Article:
Embedded World 2023: Exploring the BeaglePlay & BeagleConnect

BeagleBoard has been a well-known open hardware development platform for a long time, and it's an exciting time for them as they introduce two new products - the BeaglePlay and the BeagleConnect Freedom. We had the chance to sit down with BeagleBoard founder Jason Kridner at Embedded World 2023 to discuss what makes these two new boards so exciting and why open hardware is so important to BeagleBoard. We also got the chance to get up close with both new boards, along with seeing just a small selection of the hundreds of compatible mikroBUS Click add on boards.

The BeaglePlay is a Linux single-board computer that brings simplicity to development. It features a new chip from Texas Instruments, the AM625, a low-cost quad-core A53 running alongside 2GB of RAM. BeagleBoard has focused on making the developer experience easier by featuring a mikroBUS connector that can connect over a thousand different mikroBUS clipboards. The BeaglePlay also has Grove and Qwiic connectors, along with many connectivity options, including 2.4 and 5 GHz WiFi, single-pair ethernet, and sub-gigahertz wireless. The sub-gigahertz wireless is especially useful, as the BeagleConnect Freedom uses the same microcontroller as the BeaglePlay to create a wireless connection up to a kilometer away at a kilobit. This allows for data collection from a variety of mikroBUS sensors.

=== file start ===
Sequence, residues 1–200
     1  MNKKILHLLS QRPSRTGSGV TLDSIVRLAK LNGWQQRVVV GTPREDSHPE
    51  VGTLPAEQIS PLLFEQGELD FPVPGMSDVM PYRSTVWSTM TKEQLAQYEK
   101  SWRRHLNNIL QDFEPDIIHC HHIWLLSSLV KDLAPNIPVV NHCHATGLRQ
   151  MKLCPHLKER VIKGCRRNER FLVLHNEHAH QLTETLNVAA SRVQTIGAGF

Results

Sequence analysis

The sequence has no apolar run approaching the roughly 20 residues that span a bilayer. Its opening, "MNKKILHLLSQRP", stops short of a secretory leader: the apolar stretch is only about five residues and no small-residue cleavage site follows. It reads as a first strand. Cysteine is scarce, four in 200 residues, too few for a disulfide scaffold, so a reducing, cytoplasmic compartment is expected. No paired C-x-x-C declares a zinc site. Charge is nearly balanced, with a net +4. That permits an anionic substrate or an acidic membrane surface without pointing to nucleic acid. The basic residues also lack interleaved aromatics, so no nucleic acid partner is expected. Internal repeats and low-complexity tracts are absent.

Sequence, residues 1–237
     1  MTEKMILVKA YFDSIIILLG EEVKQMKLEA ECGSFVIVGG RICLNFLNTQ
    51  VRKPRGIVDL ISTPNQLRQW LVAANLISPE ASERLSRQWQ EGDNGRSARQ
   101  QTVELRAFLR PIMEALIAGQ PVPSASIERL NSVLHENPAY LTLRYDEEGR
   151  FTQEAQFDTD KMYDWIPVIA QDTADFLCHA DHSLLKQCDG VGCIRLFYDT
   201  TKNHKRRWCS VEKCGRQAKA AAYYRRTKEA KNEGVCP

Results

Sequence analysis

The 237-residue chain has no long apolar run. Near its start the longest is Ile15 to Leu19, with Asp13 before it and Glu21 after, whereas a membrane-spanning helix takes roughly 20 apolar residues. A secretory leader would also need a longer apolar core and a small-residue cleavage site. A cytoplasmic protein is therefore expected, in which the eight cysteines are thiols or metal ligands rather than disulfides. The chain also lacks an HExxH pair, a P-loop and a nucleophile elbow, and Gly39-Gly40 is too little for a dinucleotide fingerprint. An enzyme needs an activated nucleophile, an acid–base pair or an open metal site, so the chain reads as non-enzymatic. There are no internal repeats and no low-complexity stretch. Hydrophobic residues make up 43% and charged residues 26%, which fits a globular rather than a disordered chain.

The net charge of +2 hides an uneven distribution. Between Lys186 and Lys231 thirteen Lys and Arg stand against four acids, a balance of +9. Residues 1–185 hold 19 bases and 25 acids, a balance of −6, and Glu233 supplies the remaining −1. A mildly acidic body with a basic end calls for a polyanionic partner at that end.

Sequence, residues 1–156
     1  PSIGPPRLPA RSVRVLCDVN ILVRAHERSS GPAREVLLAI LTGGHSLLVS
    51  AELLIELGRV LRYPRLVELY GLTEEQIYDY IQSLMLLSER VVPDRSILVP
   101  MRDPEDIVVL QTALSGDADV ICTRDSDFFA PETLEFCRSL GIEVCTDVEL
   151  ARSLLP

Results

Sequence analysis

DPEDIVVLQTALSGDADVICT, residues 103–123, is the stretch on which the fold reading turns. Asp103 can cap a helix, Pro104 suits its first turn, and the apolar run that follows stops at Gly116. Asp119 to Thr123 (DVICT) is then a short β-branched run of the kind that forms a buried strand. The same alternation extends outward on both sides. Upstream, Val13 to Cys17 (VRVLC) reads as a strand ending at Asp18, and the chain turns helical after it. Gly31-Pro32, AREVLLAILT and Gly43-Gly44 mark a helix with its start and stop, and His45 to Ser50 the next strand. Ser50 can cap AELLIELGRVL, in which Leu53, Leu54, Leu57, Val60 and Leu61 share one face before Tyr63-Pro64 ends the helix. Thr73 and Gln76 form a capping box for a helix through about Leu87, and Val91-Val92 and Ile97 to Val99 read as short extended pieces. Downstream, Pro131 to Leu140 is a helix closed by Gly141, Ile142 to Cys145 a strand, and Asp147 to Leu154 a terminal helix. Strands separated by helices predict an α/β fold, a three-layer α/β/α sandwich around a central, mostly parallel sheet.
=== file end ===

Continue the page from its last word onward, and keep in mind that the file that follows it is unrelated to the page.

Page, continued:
Beagleplay specs

In terms of other I/O, the Play uses a USB-C connector for power and data, has a USB Type-A Host port, camera, and touch screen connectors along with a full-size HDMI out,

The BeagleConnect Freedom is a smaller devkit that looks a little like a walkie-talkie, with a range of onboard sensors and a battery management system. It has two mikroBUS ports that extend the reach of what you can do with the BeaglePlay. Click boards (which attach to the mikroBUS socket on both devkits) are an ecosystem that allows for adding any kind of I/O or sensor without any soldering. It is an open standard created by MikroElektronika, which makes most of the boards for it. The Click boards are MikroElektronika boards, but it's a freely licensable standard, and anyone can use the logo if they create a compliance solution. While Grove and Qwiic are excellent for what you can do with just two wires plus power, mikroBUS comes with a number of advantages. It's a very simple set of guidelines that have all the typical embedded buses you want: spy, UART, I2C, PWM, and Analog. Both boards are out now, and Mouser has store pages for the BeaglePlay and the BeagleConnect Freedom so you can get started with your long-range sub-gigahertz wireless projects straight away!

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